Scientists Compare, Contrast Different Masks’ Protective Abilities

Research has shown the transmission risk of the coronavirus is significantly reduced when individuals wear masks. This explains why public health officials around the world are advocating for all individuals to wear masks, especially when in public. Masks not only protect the wearer from breathing in particles that may contain the SARS-CoV-2 virus but also block the wearer from discharging particles that may carry the virus.

Despite this backing from science, some individuals are still refraining from putting masks on. So in partnership with the Environmental Protection Agency, scientists from the University of North Carolina School of Medicine investigated the protectiveness of different kinds of modified and consumer-grade masks. They based their research on the assumption that the individual wearing the mask was exposed to the SARS-CoV-2 virus.

The research, which was published in the “JAMA Internal Medicine” journal, demonstrates that some masks, worn snug fit by the wearer and made of at least two layers of woven nylon, were 79% effectual in obstructing particles that may contain the virus. Surgical masks, which are the masks with ear loops that are used in medical procedures, were 38.5% effective at filtration. The researchers observed that when the masks’ ear loops were tied in a particular way to tighten its fit across the wearer’s face, the efficacy increased to 60.3%. The researchers noted that when the wearer added a layer of nylon, the masks efficacy grew to 80%.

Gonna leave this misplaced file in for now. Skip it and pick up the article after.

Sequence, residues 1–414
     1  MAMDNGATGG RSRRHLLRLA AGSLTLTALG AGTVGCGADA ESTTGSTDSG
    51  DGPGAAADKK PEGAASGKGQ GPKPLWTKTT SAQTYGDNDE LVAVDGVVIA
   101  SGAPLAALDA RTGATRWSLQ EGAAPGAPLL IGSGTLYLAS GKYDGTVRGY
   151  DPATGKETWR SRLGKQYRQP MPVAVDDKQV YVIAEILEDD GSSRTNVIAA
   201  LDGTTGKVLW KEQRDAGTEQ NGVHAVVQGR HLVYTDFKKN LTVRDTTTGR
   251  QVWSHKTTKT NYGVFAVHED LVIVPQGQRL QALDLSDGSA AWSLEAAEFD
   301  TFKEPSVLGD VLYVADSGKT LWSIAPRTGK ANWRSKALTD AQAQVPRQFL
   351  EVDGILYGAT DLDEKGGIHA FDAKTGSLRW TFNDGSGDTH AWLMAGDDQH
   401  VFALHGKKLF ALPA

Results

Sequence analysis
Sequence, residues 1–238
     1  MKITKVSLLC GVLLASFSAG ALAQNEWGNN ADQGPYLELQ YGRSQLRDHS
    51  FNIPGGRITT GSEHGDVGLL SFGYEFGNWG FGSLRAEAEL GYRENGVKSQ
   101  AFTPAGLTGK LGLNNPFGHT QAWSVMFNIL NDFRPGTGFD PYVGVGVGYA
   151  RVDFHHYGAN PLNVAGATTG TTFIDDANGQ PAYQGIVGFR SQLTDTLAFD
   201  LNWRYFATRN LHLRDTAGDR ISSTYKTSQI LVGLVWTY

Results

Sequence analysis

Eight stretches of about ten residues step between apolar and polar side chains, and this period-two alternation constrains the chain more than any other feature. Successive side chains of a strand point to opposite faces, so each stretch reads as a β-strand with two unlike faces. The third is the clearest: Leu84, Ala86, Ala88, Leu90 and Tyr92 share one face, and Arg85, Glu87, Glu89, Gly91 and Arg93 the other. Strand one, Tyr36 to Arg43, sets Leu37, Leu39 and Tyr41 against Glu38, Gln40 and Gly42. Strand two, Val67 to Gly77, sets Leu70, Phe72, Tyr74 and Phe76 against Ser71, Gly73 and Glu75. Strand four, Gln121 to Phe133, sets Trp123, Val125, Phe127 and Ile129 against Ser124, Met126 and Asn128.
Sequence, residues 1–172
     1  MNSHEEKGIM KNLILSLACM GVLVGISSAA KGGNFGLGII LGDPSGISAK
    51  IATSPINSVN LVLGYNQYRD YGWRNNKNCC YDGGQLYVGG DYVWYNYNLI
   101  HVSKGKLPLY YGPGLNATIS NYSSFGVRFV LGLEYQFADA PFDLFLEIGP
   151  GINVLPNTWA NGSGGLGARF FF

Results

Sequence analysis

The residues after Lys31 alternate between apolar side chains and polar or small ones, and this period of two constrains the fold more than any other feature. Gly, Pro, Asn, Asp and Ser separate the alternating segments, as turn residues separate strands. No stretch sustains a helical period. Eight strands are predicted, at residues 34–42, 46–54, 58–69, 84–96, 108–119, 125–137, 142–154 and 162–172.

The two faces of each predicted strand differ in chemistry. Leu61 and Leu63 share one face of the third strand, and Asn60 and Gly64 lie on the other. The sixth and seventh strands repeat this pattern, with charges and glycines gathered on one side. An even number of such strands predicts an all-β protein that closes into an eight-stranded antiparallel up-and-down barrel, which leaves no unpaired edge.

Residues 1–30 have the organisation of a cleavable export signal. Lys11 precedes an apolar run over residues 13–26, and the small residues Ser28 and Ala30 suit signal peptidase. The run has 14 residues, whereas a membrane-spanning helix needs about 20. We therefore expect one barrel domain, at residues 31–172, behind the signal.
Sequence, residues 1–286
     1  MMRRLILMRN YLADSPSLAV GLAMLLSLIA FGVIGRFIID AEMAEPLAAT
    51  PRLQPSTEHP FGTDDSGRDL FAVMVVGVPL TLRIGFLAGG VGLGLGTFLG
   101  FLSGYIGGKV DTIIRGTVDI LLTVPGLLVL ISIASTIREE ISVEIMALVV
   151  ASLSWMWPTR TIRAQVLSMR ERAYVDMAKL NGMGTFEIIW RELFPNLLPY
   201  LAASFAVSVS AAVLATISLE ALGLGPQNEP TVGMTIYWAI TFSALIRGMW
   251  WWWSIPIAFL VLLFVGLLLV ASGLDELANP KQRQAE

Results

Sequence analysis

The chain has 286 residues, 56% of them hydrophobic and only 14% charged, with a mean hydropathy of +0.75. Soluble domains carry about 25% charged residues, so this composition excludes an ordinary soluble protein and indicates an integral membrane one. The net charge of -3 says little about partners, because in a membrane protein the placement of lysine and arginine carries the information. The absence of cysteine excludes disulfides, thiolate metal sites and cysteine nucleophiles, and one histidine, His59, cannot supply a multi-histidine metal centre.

One of the study’s authors, UNC School of Medicine assistant professor of pediatrics and inhalation toxicologist Philip Clapp, explained that improving the mask’s fit and modifying the surgical masks not only decreased the chances of inhaling airborne particles but also improved the mask’s filtering abilities. He stated that the research showed that many consumer-grade masks’ filtration capabilities were better than or equal to that of surgical masks.

The infection prevention director at the UNC Medical Center, Emily Sickbert-Bennett, who is an author on the study, stated that it was important to limit the amount of virus individuals came into contact with as the probability of an individual getting sick and becoming severely ill was increased as one was exposed to more viral particles.

Wearing face masks was adopted at the onset of the coronavirus pandemic, a measure in virus containment. This led to a rather rapid expansion in the use of improvised, commercial and homemade masks, which vary in construction as well as material and design. While there have been various mask enhancements, hacks and devices introduced that claim to better the performance of conventional masks, few assessments of the filtration efficiency of these enhancements and face coverings have been conducted.

Researchers and biomed firms are constantly looking for better ways to provide healthcare. For example, Brain Scientific Inc. (OTCQB: BRSF) has set its sights on taking the field of neurology to the next level by coming up with better diagnostic tools for this branch of medicine.

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